And I don't know if you can be sure you CAN'T do the work in college based on your high school results. I don't think I was particularly good in high school but in the long run I excelled in college (though at first my performance was mediocre).

So. Have some skepticism about your decision making ability at this age. Do listen to advice from others, but don't feel obliged to commit to doing what they advise. Bear in mind you can change your path and change your mind -- if you don't take forever to do this! Once you are out of high school for 5 years and are married and have 2 children . . . that is not the time to be changing your mind! College works for most people and it is fun. Not everyone is suitable for college. It is hard to tell from one's high school success whether one can make it in college. Hard work contributes a lot to success in college. Another point . . . you don't have to be a genius to graduate from college. Some people graduate from college with straight As. Other people graduate from college with a C average. Hard work and sticking with it really count for a lot. If you just discipline yourself to do the work on time and attend class and study for tests, that in itself is going to give you a big advantage over maybe half the other students -- unless you are at a super elite university such as Harvard or Stanford.

Good luck. Life is good, particularly at your age.

Last edited by Alsatian; 09-06-2013 at 12:26 PM.
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Old 09-08-2013, 08:35 PM
  #16  
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I should have gone to college after the Marine Corp. I waited until my employer told me I need a degree to go further. Now I am graduating in April and most of the people I am going to school with are younger people out of the military. They are receiving BAH as well as a free education. I am now trying to get a job with the county and they asked for my college transcripts as well as my military paperwork.
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Old 09-09-2013, 03:38 PM
  #17  
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Originally Posted by scottymack View Post
I should have gone to college after the Marine Corp. I waited until my employer told me I need a degree to go further. Now I am graduating in April and most of the people I am going to school with are younger people out of the military. They are receiving BAH as well as a free education. I am now trying to get a job with the county and they asked for my college transcripts as well as my military paperwork.
Congratulations Scotty. It's not easy to go back. I went back after I proposed to my wife and she said yes on the spot. Then it sunk in. What the heck did I just say? Now I have to actually grow up?". All I can say now, never date a redhead lol. They have always been my weakness.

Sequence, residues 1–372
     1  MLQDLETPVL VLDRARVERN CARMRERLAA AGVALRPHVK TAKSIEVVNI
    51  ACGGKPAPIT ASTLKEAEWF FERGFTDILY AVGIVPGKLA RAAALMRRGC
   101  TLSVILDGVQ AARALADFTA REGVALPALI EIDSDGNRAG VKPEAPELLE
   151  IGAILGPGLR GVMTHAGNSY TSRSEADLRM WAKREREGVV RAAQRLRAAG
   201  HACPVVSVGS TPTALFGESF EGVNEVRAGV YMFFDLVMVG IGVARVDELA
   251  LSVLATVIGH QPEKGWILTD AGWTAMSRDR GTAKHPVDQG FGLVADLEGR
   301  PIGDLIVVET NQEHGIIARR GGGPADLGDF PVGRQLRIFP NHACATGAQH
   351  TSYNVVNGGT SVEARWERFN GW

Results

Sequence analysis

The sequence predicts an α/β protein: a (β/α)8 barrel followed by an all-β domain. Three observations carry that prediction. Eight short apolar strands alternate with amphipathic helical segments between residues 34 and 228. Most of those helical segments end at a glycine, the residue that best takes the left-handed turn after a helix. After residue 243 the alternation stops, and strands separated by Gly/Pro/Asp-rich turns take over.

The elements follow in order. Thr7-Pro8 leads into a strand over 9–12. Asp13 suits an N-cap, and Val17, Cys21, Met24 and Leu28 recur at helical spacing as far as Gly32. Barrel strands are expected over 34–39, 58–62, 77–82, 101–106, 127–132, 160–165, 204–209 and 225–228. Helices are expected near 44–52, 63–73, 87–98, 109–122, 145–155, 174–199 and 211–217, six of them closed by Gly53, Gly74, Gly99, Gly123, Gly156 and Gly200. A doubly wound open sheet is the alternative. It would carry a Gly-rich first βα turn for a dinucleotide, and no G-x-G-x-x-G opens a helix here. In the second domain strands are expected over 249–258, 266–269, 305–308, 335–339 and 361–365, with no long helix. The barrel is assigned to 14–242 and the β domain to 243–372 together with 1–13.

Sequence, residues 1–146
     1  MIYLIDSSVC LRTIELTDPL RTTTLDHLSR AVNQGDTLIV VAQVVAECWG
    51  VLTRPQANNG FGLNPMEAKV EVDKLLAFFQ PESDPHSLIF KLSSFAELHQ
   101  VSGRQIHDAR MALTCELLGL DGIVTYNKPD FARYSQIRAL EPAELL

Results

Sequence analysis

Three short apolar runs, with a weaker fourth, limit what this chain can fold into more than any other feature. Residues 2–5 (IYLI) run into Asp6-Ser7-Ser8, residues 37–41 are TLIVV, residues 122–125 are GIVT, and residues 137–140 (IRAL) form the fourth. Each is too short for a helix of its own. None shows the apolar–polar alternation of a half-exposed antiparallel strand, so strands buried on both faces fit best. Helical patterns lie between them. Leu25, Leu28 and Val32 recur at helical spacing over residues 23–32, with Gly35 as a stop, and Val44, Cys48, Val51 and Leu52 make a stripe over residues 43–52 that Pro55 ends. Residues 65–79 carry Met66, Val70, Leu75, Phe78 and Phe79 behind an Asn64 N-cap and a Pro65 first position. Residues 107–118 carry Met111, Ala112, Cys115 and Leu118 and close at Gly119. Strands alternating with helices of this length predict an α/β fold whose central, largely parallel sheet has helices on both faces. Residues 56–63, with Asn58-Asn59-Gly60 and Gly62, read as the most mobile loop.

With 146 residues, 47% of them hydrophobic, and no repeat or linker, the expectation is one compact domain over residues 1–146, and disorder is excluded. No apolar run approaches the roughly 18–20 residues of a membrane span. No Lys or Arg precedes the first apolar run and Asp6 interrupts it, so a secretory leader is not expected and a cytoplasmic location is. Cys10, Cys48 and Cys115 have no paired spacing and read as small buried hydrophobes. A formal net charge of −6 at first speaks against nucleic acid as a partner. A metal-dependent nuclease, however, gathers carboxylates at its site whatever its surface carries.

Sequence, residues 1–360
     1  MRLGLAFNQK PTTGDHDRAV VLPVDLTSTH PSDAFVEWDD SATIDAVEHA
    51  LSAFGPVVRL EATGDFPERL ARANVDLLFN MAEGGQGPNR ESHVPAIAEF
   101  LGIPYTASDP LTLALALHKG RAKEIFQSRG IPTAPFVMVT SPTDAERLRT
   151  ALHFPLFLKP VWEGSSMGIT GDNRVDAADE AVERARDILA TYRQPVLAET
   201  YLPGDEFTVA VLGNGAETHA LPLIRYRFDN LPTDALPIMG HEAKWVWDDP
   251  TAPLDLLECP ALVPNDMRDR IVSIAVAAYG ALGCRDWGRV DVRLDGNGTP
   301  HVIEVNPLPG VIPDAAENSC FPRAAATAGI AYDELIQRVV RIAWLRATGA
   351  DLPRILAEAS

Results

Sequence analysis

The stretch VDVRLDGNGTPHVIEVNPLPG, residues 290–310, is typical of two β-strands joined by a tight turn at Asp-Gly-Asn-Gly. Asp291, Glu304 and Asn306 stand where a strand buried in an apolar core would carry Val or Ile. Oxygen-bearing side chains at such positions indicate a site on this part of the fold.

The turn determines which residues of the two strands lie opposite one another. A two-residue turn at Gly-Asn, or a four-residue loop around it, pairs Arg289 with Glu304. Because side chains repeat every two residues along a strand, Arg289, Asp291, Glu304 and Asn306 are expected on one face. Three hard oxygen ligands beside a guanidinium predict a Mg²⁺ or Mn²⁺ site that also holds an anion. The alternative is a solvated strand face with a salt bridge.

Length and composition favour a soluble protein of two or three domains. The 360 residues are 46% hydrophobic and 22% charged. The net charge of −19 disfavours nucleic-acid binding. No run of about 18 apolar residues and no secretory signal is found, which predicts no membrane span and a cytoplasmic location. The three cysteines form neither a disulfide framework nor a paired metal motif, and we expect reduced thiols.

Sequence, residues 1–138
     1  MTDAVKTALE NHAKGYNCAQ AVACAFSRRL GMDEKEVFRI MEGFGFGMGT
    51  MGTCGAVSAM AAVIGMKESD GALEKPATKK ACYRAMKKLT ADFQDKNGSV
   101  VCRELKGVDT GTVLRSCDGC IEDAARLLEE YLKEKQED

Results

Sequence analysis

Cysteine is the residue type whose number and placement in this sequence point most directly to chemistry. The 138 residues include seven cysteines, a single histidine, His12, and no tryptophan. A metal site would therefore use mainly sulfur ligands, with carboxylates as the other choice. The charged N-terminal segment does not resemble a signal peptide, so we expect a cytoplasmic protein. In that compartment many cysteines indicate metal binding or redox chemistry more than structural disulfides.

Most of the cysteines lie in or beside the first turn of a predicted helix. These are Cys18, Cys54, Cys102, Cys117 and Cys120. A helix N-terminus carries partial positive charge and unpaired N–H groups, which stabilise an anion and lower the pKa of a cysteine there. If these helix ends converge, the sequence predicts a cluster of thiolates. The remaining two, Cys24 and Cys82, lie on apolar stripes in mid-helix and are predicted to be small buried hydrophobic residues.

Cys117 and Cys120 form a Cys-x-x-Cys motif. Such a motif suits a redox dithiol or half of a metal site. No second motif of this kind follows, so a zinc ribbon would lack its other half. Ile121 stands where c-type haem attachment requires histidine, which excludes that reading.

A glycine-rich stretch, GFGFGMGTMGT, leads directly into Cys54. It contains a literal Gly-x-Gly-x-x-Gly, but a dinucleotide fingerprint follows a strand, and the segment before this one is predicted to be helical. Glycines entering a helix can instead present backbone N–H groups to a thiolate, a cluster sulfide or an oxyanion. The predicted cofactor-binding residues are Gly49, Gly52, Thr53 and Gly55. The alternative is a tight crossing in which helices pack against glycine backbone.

Anyway, I wish you luck on your next job. I know of 2 people personally that have climbed into 300k/yr jobs without college education. It can been done but it's not easy. The main key is networking and making the right contacts. That goes for any person but even more important if you don't have an education to back up your resume.
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Old 09-10-2013, 09:47 AM
  #18  
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I agree join your states National Guard. You'll have your college payed for, and only serve one weekend a month 2 weeks in the summertime. You'll leave for tarining then come back to your normal life. That way you could be trained on a job skill and have college payed for.
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Old 09-10-2013, 11:10 AM
  #19  
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I'd read what Alsatian said very carefully--It's wise advice. Taking a year off from school and just working sometimes helps you figure out what you might be interested in doing for a career. Another thing you may have noticed in reading different posts on this subject is that many people switch jobs and even job fields during their work career. A lot of the guys giving you advice are over 50 and you're getting the extremely useful benefit of hindsight "after" a career has been worked.
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Old 09-10-2013, 01:49 PM
  #20  
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The only advice I can offer is to follow your interests and do a job you like. Having a college degree opens many more doors especially if you are unsure of the field you are looking at. The military is a wonderful place to learn and experience things especially if a person is off to a rough start, needs discipline and school isn't a high priority.